I’m looking at the route on my phone wherever we are going is not in the direction of the pizza. I bring this up. “Just giving something to my friend”. He pulls up on a street corner and hands this woman an envelope IN THE MIDDLE OF MY RIDE. Nevertheless, I persisted.
red flag number four (probably should be dead by now)
I’m pissed he’s driven us around to go see his friend/drug dealer/whatever. I make it clear I’m annoyed. He cancels the ride. Tells me not to worry, that he’ll take me somewhere. Keeps driving. The next traffic light we stop at I open the door, run out of the car and don’t look back. This some real-life Taken shit right here.
DON’T BE ME IN THIS SITUATION.
Use your common sense. Follow your intuition. If it seems weird always err on the side of caution. Your safety is far more important than pandering to someone’s feelings. You don’t need everyone to like you. Least of all that Vietnamese Uber driver you’re never gonna see again.
Make sure someone always knows where you are
We all like to make jokes about those people who go on holiday and it seems the whole time they’re just getting booty shots on the beach or updating Facebook with smug “How’s your Monday?” statuses. We all like to joke. Yes, it’s annoying. Yes, I’ve probably also participated (I’m not sorry). But those updates are also important for your friends and family to know you’re alive and well.
I’m not saying you have to stage a full photoshoot (although it is fun). A few texts to the appropriate parties will do. Just make sure you don’t drop off the map entirely. If you’re going to be somewhere with no signal let people know, or they will worry.
There was a perfect example of this recently. On one of the Facebook travel groups I’m on, a worried mum had shared a missing post of her daughter and her friend. She was worried sick and looking for any information on their last sightings.
The posts went viral.
They made the news.
A couple of days later the girls took to Facebook to explain they’d been at a music festival with no phone signal. They were mortified and rightly so. It’s an easy mistake to make, but don’t be those guys!
Creepy tracking capabilities aside iPhones have a great built-in app called ‘Find Friends’, which allows you to share your location with your friends at all times. I have a couple of people who I trust with the capability of knowing every movement of my life in their palms. Of course, this only works if your phone is on, which leads to my next point.
Keep your phone charged or have a battery pack to hand
A smartphone and exploring a new city where there are loads of beautiful things to take photos of don’t always go hand in hand.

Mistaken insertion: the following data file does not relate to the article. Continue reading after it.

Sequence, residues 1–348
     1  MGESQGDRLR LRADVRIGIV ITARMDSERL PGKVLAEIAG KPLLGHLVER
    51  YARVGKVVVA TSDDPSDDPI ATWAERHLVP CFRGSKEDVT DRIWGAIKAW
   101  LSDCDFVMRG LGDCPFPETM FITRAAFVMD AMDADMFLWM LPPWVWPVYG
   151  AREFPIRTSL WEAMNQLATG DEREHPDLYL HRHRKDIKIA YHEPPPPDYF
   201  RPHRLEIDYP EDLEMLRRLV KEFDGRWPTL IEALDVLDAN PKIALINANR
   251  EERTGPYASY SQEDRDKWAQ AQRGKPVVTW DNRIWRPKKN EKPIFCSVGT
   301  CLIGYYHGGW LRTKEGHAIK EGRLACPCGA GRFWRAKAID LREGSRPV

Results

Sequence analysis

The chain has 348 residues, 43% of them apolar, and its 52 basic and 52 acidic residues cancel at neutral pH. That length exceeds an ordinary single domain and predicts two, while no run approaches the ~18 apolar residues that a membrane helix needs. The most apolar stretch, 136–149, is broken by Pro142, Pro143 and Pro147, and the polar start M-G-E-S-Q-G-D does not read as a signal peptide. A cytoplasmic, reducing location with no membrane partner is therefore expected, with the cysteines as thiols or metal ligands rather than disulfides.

At best that battery will last you a day with minimal usage. At worst the battery will be done before the day is out. I love spending days absorbing new surroundings and really not paying attention to my phone. A few years ago my phone broke while I was on a two and a half week road trip throughout America and I just didn’t bother to get it fixed for that time and I loved it.
However, then I was not alone.
When I’m traveling by myself I always like to keep my phone charged and keep a portable phone charger on me just in case (I like this one by Ankher – it charges ridiculously quick and is nice and compact). You don’t need to constantly be glued to your phone – just let people know where you are. Plus if you need directions, need to call a cab, book an uber – it means you’ve got a way to do it!
Final solo female travel tips
- Some women like to wear fake wedding rings – this isn’t something I’ve done myself but I’m sure they certainly deter some unwanted attention
- I’m all for women wearing whatever they want, but be mindful of a country’s cultural norms
- Pack a padlock or make sure your bag has a lock so you can protect your valuables while you’re traveling/sleeping
- Learn some basic helpful phrases in the language of the country you’re visiting
- Bring more than one bank card and keep them in separate places
- If you carry a shoulder bag make sure to wear it across your body so it can’t be easily snatched
- Don’t flash your valuables around or wear expensive jewelry
- If you’re going in the water use a dry bag to keep your valuables on you
I’ve made some silly mistakes while I’m traveling. At the time I felt pretty stupid. Now, I’m glad I made those lapses in judgment so I can share what not to do! There’s danger everywhere, but there’s no way to ever be 100% completely protected that’s just life.
As long as you keep your wits about you solo female travel can be an incredible, beautiful and empowering adventure. Even sitting at home you could be burgled or there could be a fire. Anything could happen. You just don’t know. Please don’t let fear or anxiety stop you from living your life.
Did I feel like this before I took my first solo female travel adventure?
No, I was absolutely terrified. Through experiencing, learning and meeting other solo female travelers I’ve become more confident. Now the scariest part for me is the turbulence.
What about you guys? Have you considered solo female travel? If not, why – what’s holding you back?
Let me know in the comments below!